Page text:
The divergence between the Chinese stock market (heading up) and govvie yields (going down) is unlikely to be sustained. Monthly correlations show that the CSI 300 and the 10Y govvie yield are negatively correlated as we would expect. Optimism on China-US trade talks have probably lifted equities, but the bond market may need further convincing that the worst is over. To be sure, foreign interest in govvies and unabated monetary policy support suggest that yields will be low by historical standards. However, we are wary of chasing govvie yields lower after the sizable rally over the past few months and will be watching closely to see if rising stock prices would lift yields and narrow credit spreads.

Credit: Selective opportunities amidst risk

Within Asian credit, we see better relative value in the investment grade and selected BB credits in China, relative to India and Indonesia. This is largely driven by supply, with the absence of meaningful bond supply from Indian and Indonesian issuers resulting in tighter secondary market valuations for the latter. At the same time, we also see a higher risk of credit events in the lower rated (B and below) space in China. This is an area where we would be cautious. This chart below shows the better relative value among Chinese bonds and also the higher risk with single B issuers (reflected in a much wider yield dispersion).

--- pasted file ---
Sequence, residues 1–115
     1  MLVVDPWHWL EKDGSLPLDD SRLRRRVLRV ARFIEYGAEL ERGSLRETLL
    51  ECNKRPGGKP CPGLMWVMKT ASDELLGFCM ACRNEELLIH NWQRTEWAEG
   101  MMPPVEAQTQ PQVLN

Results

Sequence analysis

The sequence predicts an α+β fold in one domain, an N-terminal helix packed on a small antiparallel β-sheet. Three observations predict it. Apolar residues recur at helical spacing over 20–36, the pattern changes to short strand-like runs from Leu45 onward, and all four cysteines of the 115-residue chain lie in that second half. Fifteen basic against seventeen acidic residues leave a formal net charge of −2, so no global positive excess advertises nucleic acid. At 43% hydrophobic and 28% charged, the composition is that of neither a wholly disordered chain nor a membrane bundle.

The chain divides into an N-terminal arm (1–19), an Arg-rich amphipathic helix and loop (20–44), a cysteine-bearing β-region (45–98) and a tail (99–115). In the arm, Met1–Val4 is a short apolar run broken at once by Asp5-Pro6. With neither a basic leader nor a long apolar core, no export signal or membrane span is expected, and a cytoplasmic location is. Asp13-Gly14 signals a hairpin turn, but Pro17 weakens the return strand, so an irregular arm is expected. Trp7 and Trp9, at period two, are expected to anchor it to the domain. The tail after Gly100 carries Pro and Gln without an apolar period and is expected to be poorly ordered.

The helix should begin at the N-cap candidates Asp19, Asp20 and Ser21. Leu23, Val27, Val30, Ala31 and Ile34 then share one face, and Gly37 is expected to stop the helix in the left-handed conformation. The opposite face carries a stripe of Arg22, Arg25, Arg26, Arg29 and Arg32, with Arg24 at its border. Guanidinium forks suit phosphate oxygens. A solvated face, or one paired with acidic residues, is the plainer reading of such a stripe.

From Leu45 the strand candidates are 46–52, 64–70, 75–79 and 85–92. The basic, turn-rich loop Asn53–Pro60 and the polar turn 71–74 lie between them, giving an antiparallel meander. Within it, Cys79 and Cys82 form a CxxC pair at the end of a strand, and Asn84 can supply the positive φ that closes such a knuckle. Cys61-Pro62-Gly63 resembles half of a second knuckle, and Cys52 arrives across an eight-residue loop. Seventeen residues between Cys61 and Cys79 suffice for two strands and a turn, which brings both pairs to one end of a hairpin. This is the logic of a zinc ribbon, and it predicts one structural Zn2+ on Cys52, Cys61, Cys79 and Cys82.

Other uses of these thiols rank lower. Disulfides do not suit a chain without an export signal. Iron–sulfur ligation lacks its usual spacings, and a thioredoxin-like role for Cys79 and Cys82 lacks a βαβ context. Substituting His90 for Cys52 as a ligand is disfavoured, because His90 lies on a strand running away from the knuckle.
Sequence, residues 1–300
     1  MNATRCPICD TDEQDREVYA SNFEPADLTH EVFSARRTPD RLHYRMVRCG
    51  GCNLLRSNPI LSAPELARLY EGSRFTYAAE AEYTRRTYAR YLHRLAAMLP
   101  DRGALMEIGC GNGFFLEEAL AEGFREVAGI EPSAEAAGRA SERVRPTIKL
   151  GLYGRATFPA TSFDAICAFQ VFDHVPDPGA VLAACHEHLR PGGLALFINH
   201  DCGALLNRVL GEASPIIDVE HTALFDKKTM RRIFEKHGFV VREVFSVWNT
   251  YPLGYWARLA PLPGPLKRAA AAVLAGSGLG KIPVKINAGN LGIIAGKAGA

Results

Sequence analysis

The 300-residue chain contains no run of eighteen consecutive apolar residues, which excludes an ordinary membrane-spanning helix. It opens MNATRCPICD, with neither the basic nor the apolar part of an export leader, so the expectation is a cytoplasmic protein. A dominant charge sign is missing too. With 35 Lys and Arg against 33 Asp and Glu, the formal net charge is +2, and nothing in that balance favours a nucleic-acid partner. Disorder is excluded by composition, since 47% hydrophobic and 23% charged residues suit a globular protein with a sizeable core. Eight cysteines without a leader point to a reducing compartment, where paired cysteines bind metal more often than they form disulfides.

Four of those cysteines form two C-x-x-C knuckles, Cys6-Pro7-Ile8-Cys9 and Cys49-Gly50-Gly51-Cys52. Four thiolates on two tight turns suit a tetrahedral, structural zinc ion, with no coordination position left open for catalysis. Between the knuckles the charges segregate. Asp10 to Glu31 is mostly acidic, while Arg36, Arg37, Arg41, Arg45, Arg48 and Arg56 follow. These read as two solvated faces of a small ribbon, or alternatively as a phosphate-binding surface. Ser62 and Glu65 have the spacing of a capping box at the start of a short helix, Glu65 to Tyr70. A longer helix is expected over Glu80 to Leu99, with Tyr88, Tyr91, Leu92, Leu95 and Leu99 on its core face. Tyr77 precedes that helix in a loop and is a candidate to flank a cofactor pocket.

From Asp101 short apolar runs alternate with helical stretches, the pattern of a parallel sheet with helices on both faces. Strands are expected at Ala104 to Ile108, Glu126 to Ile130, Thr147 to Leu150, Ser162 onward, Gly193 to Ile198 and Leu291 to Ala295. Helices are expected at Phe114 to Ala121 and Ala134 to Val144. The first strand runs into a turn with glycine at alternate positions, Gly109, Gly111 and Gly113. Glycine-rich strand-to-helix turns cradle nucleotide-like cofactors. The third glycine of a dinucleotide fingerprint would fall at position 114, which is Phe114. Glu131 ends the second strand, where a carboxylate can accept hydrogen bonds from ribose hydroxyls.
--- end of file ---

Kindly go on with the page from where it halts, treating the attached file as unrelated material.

BBB and BB credits offer yield pickup: High grade bond valuations have turned towards the expensive side, in our view, following the rally this year (Macro Strategy dated Feb 1 and Feb 22). While the market’s expectation of a patient Fed and easing in trade tensions will remain supportive of valuations, within the context of overall richness, we see Chinese BBBs as offering some value. Credit risk in this sector is manageable, especially with credits with strong shareholders (e.g. central SASAC owned companies). Given the expectation of government support, state owned enterprisers have good market access and lower credit risk.

In the BB space, we had picked short-dated Chinese property developer bonds as one of our top trades of the year. While valuations have turned less attractive, the rationale of our trade (i.e. yield pick up over comparable Asian BBs still holds). Given the improved market sentiment, lengthening duration slightly (3-4Y) is an option to pick up some yield. We believe default risk for BB issuers should remain low, especially given the loosening of credit conditions by authorities.

Recent developments (towards the end of 2018) include the NDRC’s support for onshore bonds rated AAA (local rating) and the introduction of the targeted medium-term lending facility (TMLF). Such measures facilitate flow of credit to private companies and we believe this will be supportive of the credit quality of at least the larger sub-investment grade companies. While the past is not an indicator of the future, we nevertheless draw comfort from the fact that historical default rates in the property sector have been low. Since the first Chinese property bond was issued back in 2006, there have been only two incidents of default. Our equity analysts also opine that the asset base and the increase in funding channels, alleviate risk, especially for listed developers.